An education company in Britain, QS, annually publishes a report that ranks 400 top colleges and universities worldwide by thirty specific majors or courses of study.
President Obama’s 2014 proposed federal budget reflects his long-standing advocacy for science, technology, engineering and math (STEM) education. The new budget creates a STEM Master Teaching Corps, while also giving science research institutions an explicit role in directing public school curricula.
US President Barak Obama’s 2014 budget proposal asks for an “historic investment” in early learning opportunities. President Obama is being applauded for taking a bold step towards removing stumbling blocks that low-income children and other vulnerable preschoolers often face on the path towards success in school.
As more and more laptops, smartphones and tablets find their way into college, high school and increasingly even middle school and grade school classrooms, more and more of that equipment is designed and sold by Apple. Why haven’t tech giants like Microsoft been more successful at taking market share from Apple in this growing market?
According to a study just released by the market research firm Global Industry Analysts, Inc. (GIA), the worldwide market for private tutoring is projected to grow beyond $102.8 billion by 2018.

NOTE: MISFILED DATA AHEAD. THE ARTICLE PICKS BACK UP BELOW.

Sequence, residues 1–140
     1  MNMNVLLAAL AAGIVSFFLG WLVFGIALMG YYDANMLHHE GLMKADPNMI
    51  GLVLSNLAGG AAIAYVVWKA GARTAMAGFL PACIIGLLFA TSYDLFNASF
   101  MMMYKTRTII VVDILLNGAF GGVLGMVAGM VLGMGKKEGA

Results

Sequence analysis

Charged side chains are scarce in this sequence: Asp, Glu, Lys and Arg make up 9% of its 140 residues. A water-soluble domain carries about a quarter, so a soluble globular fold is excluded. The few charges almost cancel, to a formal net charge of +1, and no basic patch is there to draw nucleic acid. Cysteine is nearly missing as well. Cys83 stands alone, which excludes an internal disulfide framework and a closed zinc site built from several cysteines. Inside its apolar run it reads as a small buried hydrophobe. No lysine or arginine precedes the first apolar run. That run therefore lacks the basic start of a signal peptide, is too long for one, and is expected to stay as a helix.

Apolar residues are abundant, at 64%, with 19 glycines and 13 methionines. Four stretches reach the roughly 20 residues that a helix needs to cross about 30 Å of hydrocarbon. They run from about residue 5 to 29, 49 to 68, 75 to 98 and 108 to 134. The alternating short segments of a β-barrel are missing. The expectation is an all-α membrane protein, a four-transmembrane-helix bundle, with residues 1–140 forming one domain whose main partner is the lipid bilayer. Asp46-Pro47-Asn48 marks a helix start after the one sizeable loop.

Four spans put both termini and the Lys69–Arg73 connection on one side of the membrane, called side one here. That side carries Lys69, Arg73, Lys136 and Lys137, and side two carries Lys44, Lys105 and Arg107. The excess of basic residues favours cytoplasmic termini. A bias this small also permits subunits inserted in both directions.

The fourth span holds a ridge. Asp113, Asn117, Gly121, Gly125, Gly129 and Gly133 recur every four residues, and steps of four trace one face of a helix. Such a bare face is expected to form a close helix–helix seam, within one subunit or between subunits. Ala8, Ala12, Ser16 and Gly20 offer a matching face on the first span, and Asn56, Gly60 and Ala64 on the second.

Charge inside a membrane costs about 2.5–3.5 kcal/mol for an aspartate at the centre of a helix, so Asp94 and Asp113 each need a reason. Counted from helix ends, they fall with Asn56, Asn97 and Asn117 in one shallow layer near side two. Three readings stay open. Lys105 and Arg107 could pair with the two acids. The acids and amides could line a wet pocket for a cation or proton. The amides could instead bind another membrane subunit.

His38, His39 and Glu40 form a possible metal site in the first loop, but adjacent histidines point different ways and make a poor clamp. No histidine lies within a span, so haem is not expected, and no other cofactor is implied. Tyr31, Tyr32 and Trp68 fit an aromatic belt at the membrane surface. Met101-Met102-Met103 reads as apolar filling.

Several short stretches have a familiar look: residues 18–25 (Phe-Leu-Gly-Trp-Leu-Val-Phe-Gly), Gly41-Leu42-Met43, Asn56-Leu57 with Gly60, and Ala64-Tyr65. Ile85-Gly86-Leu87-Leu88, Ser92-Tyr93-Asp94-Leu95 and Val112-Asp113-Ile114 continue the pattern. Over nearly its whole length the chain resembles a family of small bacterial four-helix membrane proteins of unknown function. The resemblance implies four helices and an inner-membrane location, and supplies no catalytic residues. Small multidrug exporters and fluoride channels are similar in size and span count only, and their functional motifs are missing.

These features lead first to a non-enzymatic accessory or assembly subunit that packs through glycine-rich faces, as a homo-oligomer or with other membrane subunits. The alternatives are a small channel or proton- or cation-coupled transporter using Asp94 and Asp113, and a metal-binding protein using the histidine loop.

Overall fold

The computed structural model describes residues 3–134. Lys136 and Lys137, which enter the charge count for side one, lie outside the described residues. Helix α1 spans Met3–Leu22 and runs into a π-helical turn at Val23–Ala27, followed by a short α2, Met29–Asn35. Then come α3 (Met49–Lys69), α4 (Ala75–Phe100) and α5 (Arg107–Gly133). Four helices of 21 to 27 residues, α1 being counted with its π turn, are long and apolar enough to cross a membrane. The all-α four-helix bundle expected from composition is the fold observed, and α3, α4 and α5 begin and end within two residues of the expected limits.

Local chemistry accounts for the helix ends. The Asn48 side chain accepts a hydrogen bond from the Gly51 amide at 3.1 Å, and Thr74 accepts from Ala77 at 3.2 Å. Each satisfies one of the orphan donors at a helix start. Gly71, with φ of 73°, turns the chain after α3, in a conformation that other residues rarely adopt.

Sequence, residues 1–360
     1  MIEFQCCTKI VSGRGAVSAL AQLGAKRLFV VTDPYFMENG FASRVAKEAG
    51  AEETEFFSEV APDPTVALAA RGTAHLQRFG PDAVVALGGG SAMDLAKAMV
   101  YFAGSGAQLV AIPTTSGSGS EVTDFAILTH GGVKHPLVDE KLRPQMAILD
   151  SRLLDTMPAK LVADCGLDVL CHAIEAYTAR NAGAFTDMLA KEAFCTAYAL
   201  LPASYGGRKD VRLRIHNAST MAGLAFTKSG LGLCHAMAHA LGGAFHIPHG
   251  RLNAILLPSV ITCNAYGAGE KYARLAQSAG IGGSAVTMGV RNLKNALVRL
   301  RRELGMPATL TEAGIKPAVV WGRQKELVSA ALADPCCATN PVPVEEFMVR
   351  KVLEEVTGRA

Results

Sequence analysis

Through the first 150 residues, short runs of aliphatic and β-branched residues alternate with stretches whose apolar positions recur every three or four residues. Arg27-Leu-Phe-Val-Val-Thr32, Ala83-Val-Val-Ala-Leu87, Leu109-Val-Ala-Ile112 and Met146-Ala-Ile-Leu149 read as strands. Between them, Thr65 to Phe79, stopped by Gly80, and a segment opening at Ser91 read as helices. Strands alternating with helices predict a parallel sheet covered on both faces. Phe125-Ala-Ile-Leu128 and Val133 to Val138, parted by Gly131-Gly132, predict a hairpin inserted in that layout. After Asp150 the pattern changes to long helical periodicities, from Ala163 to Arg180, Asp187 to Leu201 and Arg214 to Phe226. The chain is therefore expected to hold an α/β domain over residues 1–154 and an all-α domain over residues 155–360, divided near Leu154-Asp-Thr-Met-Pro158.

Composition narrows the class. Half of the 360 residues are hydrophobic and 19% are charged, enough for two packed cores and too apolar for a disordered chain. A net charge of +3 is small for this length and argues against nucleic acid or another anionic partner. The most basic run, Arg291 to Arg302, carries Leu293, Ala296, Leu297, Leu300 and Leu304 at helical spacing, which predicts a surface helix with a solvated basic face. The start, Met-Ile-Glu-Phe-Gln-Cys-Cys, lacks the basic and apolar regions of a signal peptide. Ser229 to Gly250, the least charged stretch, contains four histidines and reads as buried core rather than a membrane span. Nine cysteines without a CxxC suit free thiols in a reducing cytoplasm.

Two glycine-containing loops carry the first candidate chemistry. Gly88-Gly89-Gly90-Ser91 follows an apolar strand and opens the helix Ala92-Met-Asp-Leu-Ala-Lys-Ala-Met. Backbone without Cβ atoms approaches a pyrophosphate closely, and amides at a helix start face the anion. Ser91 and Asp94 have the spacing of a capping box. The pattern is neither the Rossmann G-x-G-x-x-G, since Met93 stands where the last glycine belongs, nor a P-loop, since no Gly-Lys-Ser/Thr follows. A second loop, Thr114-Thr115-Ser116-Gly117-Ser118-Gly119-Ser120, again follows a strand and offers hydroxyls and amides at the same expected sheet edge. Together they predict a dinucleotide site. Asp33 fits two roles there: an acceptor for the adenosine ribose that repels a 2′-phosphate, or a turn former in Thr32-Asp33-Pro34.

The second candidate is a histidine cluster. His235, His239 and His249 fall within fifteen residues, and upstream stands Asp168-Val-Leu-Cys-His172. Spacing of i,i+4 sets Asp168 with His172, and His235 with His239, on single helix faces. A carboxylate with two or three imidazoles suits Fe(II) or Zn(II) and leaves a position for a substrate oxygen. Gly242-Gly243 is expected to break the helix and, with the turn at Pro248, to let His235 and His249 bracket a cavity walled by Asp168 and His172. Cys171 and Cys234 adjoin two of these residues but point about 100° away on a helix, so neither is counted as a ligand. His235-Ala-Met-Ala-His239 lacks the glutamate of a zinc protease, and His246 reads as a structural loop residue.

If online tutoring really is highly effective, and is preferred by many learners because of its convenience and the fact that it offers a degree of anonymity… why not leverage it to support remedial students? Better yet, why not build online tutoring support into redesigned, entry-level for-credit classes as “Bridge to Nowhere” advocates?
The popularity of online public schools is increasing nationwide. Full-time online public education is now available to students in grades K-12 in about 30 states. Currently, over 250,000 students are enrolled in public online charter schools. Are cyber-schools really a better way to approach public education?
The growing energy behind STEM (Science, Technology, Engineering and Math) curricula in US schools is influencing the after-school and tutoring communities to provide new learning options.
High school students benefit significantly from college admissions counseling information and guidance – yet most don’t get much of it. According to the latest State of College Admission 2011 from the National Association for College Admission Counseling, “For many students, particularly those in public schools, college counseling is limited at best. Counselors are few in number, often have large student caseloads and are limited in the amount of time they are able to dedicate to college counseling.”